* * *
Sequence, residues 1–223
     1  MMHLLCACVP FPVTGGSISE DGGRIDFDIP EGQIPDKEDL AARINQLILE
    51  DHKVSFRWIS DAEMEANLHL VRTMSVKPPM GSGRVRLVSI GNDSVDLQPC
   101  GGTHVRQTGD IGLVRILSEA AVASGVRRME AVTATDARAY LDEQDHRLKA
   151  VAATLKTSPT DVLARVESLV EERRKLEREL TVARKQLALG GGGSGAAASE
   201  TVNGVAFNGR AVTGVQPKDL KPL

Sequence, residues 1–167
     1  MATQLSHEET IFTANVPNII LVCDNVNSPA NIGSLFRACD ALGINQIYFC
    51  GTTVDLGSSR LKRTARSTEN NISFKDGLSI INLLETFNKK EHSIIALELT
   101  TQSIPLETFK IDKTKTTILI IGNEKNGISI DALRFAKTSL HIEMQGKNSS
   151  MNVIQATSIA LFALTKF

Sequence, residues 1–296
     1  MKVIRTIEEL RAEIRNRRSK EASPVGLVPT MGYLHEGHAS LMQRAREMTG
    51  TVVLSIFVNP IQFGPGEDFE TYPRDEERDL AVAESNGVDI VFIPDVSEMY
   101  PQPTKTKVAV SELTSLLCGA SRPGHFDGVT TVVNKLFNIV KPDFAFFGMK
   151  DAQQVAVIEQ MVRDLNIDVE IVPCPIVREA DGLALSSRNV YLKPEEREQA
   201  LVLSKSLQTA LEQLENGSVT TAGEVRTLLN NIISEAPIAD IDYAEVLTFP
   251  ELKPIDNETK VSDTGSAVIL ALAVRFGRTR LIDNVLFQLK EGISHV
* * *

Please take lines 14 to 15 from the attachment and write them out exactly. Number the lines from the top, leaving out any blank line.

    51  TVVLSIFVNP IQFGPGEDFE TYPRDEERDL AVAESNGVDI VFIPDVSEMY
   101  PQPTKTKVAV SELTSLLCGA SRPGHFDGVT TVVNKLFNIV KPDFAFFGMK